Public health related issues dominate the news cycle today, as evidenced by the volume of stories about the COVID-19 pandemic and rise in overdose deaths. We have argued that both of these public health issues are intricately related to a lack of affordable housing in Canada and the subsequent management of homelessness through emergency services like shelters.

At the start of the chapter, we introduced you to the composite characters Stephan and Zane, who were living in a shelter during the COVID-19 outbreak because they were having difficult obtaining employment and housing. The scenario was presented as an entry point into thinking about the complexity of homelessness and public health. We returned to these individual’s story again at the end to demonstrate how it can help us understand the foundational concepts of being trauma-informed, person-centred, socially inclusive, and situated within the social determinants of health as critical for understanding homelessness in Canada.

We then asked you to consider three questions along the way, with the guidance of leading homelessness researchers.

First¬†we asked,¬†‚ÄúWhy are people who experience homelessness at higher risk during a pandemic?‚Ä̬†Here we¬†considered the incongruity between public health messages, like¬†asking people to¬†stay at home, and the lived reality of homelessness.¬†We considered research conducted during the H1N1 outbreak and saw that¬†even with this knowledge¬†many¬†homelessness sectors were not able to¬†adequately¬†prepare because they were already dealing with the crisis of homelessness.¬†The design of service agencies, like shelters, serves¬†to increase the spread of disease and we saw this in the high rates of COVID-19 infection, hospitalizations, ICU admissions, and deaths among people experiencing homelessness.¬†Many service providers continued to work through the pandemic, despite their own decreasing mental wellness,¬†because clients needed their support,¬†particularly in rural areas and in relation to domestic violence.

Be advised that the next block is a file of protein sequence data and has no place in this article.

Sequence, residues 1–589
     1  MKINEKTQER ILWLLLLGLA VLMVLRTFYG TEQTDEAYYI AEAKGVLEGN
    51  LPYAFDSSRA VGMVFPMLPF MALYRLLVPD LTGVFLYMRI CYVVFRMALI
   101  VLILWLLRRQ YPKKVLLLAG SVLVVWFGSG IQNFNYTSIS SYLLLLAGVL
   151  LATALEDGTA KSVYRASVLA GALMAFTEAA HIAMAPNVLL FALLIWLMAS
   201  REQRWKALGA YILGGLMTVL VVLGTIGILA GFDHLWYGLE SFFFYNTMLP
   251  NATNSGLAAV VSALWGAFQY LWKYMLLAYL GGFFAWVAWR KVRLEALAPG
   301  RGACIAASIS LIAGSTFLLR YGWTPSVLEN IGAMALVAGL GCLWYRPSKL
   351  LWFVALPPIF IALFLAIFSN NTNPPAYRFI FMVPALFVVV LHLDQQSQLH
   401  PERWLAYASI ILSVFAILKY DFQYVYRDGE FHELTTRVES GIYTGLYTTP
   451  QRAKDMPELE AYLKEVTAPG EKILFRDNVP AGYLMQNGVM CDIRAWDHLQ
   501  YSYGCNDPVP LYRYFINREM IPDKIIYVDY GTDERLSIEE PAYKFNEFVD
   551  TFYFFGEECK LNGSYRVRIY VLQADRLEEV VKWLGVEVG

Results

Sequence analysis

Next¬†we asked,¬†‚ÄúHow¬†is¬†drug use a public health issue?‚Ä̬†As a nation Canada¬†has¬†undergone many shifts in drug policy and legislation, but currently harm reduction is a recognized pillar in our strategic approach.¬†In this section we considered the relationship between drug policy and housing precarity, such as the unlawful evictions of people who use drugs¬†because of discriminatory practices.¬†People who use drugs are often isolated and may¬†risk overdosing while alone or with others who are also using drugs at the time.¬†In response, Canada has passed legislation¬†that allows for people to call 9-1-1 and not be charged with being under the influence¬†or having drugs in their possession.¬†There have been calls to decriminalize drugs as a means of further protecting people from the harms they can pose, both medically and socially.


Finally¬†we asked,¬†‚ÄúWhy¬†is harm reduction a necessary approach?‚Ä̬†In this final section¬†we¬†made the argument that harm reduction is¬†critical¬†because it¬†is an approach that¬†treats people with compassion while also saving lives.¬†There are many different harm reduction strategies that vary according to individual choice and need.¬†People may substitute one substance for another, use pharmacological treatments¬†like methadone, or engage with managed alcohol programs.¬†These strategies are part of a larger call for safe supply,¬†which was announced in British Columbia¬†amidst¬†critiques¬†that it does¬†not go far enough. In 2003 InSite, the first supervised injection facility, opened in Vancouver and in the time since we have seen the federal roll out of Supervised Consumption Sites and Services¬†that include measures like drug checking.¬†While these are positive steps towards¬†normalizing harm reduction, there is still much work to do in communities across Canada.


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Understanding Homelessness in Canada Copyright © 2022 by Kristy Buccieri, James Davy, Cyndi Gilmer, and Nicole Whitmore is licensed under a Creative Commons Attribution-NonCommercial-NoDerivatives 4.0 International License, except where otherwise noted.

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